And, taken as a movie about post-9/11, this reveal tells a lot about America as a society. We cheered when Osama Bin Laden and Saddam Hussein died. We funded a war that we never see. Heck, Barack Obama’s critics frequently pointed out how foreign he was, how different he was, trying to discredit him based on how he seemed like someone who did not belong. This is theme strongly enforced with the character of the Mandarin and the nature of the conflict.

Ultimately, the reveal revealed more about us than it did about the Mandarin.

The Dark Knight Rises – Talia

Oh boy.

I honestly do not get the love that The Dark Knight Rises has from its fans. I get that people were excited for it. I understand why people love Christopher Nolan. I even can comprehend why someone would think it is a good movie in general (I would put myself in that group).

But I don’t understand how anyone would like the twist with Talia Al Ghul. It is an affront to the audience and to the characters within the movie.

Let us look at the twist from its base. In the movie, Miranda Tate, Bruce Wayne’s longtime collaborator and fellow wealthy philanthropist, turns out to be Talia Al Ghul, Rhaz Al Ghul’s daughter and fellow extremist. She is the Big Bad instead of Bane in the same way that Aldrich Killian was the Big Bad instead of the Mandarin.

And that is it.

This is the true face of evil... and that is the true cute nose of evil.

I cannot really talk about this twist in much more depth than that. She seemed like a good guy (or gal) and then actually was the Big Bad. Bane, the actor hyped up in similar ways to the Mandarin, was just muscle. Does it really change up the movie in any significant way? Not really. The reveal was so late that nothing about Batman’s plan had to change in any dramatic way. It is telling that even in hindsight, Bane feels like the real villain and Talia feels like an extra idea tacked on.

Part of the problem is that The Dark Knight Rises does not have a cohesive message conveyed to the audience. I think there is something about class warfare in there, about how the rise of the proletariat is a ruse orchestrated by those in power in order to control them. And our only savior would be… the rich people?

What is the assumption that the twist is playing off of? That a character once thought trustworthy may not be trustworthy? That Batman could have a normal love life? That Bane was capable of being the mastermind behind the whole destruction of Gotham?

I have mainly talked about twists for the audience in this post, but this twist does not even work as a force on the characters. We never see Talia’s betrayal hurt Bruce (minus the dagger to the gut). Her betrayal would have affected Lucius Fox as well, but that is never touched upon either. Rather, this twist happens and then everyone moves on. It fails on a story level and serves to make the characters weaker for it.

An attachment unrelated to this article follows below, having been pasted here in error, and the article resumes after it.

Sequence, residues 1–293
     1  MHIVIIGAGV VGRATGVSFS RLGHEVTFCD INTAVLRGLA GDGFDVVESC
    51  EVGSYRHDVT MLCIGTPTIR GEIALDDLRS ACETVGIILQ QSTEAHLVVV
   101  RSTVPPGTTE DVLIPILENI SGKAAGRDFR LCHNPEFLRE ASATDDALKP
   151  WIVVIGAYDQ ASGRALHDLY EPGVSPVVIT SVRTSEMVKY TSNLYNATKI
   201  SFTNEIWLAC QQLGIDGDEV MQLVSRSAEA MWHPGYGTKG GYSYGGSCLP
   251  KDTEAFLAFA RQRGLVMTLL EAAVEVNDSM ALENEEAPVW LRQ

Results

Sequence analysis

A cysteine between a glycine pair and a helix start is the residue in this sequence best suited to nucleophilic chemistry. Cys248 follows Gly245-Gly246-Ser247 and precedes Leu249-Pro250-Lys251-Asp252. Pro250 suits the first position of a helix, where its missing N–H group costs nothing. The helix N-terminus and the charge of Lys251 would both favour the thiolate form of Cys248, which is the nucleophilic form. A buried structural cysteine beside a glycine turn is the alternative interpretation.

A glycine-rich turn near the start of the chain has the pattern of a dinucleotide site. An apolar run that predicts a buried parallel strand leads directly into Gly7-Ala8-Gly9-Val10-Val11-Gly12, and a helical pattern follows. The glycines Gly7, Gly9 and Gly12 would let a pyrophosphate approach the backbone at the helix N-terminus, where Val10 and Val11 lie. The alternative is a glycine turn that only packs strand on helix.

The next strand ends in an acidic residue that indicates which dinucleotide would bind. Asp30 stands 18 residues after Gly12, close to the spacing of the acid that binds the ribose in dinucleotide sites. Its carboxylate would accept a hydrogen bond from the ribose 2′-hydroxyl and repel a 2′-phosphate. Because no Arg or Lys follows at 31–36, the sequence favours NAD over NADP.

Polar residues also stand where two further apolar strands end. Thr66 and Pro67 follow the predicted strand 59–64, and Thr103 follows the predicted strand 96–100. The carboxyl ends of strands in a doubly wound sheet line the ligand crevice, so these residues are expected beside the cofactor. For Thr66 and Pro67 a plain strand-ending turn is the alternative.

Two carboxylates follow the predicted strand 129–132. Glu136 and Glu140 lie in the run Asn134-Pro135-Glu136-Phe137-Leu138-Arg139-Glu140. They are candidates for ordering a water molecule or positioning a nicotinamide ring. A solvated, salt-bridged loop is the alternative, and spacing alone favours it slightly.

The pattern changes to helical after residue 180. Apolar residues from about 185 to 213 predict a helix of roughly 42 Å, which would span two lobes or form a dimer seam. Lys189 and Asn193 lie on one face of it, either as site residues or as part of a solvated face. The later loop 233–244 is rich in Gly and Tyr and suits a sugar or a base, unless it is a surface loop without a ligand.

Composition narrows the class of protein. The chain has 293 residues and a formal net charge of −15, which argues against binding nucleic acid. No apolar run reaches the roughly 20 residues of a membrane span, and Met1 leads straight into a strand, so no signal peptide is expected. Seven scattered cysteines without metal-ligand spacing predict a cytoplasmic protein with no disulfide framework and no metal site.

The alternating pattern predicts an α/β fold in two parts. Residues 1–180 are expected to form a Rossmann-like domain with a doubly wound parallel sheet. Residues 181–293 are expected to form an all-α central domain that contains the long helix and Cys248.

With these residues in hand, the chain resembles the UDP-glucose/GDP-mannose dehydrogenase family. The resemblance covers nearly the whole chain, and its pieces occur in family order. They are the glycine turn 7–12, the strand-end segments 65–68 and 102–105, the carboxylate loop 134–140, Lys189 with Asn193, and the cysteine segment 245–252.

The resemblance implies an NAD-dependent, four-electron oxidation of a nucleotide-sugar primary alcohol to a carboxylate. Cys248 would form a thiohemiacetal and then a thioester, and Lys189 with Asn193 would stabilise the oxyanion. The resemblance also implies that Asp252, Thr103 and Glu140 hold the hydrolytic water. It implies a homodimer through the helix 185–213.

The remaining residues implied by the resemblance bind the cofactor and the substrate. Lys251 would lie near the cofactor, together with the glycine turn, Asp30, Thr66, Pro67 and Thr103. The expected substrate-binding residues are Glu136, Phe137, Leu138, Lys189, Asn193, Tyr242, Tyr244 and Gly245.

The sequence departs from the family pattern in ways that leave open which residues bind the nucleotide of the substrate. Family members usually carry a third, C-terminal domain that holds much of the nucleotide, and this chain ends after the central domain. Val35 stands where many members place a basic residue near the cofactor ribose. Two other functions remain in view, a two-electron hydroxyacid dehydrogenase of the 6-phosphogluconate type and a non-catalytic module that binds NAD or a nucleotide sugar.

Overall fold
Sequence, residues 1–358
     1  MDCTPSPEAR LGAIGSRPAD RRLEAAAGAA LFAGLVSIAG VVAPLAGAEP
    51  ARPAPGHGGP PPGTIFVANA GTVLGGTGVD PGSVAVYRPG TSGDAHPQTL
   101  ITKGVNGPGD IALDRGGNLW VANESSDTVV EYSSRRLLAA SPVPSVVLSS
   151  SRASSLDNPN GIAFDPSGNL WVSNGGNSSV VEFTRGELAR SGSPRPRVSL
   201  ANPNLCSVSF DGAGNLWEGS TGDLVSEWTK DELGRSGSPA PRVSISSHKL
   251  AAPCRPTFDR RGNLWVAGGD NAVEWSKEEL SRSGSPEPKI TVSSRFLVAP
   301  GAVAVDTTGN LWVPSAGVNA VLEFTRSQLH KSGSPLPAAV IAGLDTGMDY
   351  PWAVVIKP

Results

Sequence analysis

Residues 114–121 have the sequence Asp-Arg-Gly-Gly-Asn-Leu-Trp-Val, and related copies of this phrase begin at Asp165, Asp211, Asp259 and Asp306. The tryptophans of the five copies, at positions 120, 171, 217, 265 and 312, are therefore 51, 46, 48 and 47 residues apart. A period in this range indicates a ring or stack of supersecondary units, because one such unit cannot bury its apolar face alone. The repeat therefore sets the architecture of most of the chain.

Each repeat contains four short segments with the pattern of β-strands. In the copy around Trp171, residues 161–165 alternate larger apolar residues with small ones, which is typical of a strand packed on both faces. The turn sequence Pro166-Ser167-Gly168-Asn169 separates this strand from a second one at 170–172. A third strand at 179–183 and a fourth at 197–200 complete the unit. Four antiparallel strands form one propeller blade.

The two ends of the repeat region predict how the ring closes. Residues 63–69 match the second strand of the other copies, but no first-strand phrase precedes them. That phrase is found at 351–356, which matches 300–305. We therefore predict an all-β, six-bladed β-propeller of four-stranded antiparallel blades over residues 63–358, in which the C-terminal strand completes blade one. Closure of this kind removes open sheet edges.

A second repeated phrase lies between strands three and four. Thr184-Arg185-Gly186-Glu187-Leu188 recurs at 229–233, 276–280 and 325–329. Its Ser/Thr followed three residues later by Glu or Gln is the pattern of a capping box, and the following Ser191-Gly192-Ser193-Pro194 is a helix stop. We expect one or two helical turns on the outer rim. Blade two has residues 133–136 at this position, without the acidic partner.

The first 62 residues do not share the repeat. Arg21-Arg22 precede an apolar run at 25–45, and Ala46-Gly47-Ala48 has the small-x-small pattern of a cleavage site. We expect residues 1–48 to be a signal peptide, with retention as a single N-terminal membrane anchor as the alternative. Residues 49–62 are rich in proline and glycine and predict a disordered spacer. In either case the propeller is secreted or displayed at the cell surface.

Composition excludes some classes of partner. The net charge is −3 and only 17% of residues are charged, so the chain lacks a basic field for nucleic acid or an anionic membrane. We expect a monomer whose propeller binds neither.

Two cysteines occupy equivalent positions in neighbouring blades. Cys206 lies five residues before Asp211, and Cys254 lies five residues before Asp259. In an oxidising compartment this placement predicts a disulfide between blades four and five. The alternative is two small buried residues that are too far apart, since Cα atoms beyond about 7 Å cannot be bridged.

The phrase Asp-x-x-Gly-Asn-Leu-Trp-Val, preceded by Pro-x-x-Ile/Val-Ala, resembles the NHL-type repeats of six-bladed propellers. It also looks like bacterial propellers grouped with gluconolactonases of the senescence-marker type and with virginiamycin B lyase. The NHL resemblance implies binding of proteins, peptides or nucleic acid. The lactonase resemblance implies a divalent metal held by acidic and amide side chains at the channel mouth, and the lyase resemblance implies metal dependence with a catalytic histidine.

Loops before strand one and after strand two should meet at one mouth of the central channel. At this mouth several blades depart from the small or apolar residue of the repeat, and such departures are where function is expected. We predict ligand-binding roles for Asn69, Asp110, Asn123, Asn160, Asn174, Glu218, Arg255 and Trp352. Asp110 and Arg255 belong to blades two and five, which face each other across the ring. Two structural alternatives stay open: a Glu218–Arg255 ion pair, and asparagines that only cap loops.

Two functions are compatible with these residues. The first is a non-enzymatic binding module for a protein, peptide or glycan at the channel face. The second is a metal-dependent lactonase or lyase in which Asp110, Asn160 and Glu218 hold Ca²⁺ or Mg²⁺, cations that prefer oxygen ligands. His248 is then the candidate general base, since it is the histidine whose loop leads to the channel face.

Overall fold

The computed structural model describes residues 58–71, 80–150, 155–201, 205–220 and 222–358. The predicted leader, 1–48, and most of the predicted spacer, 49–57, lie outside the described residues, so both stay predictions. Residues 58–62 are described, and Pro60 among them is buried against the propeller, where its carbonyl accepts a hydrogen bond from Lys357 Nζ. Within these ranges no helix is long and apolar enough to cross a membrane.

Here is an idea: imagine Talia Al Ghul did not exist and Miranda Tate was always a good person. Does that not make her character better? During the film, Miranda Tate is a strong and independent woman capable of making her own decisions (something of a rarity in Christopher Nolan movies). Even better, she serves as a foil to Bruce and actually works to make him better as a person.

And furthermore, Bane would also been seen as a stronger villain capable of being a criminal mastermind. Instead, he is a lapdog, someone who does the bidding of someone smart: a more theatrical (but much better acted) version of Bane from Batman & Robin.

With Iron Man 3 though, the twist adds depth to a character that could have been such a stereotype. It adds depth to the move in general, and it forces Tony Stark into a situation where he has to grapple with the demons he created. It provides an interesting scenario and then takes the time out to explore it.

Talia Al Ghul was onscreen for about 5 minutes after her reveal, and nothing really significant came of it.


I do not actually like to talk about negative aspects of movies. I find it a much more uplifting and energizing experience to talk about what works in movies and why they affect us so much.

But I have seen so many people dismiss the twist in Iron Man 3 like it was terrible, when in reality it was one of the best parts about that movie. And the best way to show how well it works is to point out how a similar twist does not work. The twist in The Dark Knight Rises is such an example. It cheapens the movie as a whole and does not add anything thematically.

Ultimately I want these movies to be used as discussion points on what works as far as movie twists go, especially because such a tactic can be one of the most exciting and enlightening tools in a filmmaker’s arsenal. I honestly hope that more movies take cues from Iron Man 3 and explore what the audience assumes about their lives and their situations in general.


*If you have not seen The Sixth Sense and are still not aware of its twist, bless you child.

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The Good Greatsby

Paul Johnson's comedy blog: I didn't get into comedy to be rich or famous. All I've ever wanted was to be somebody rich and famous.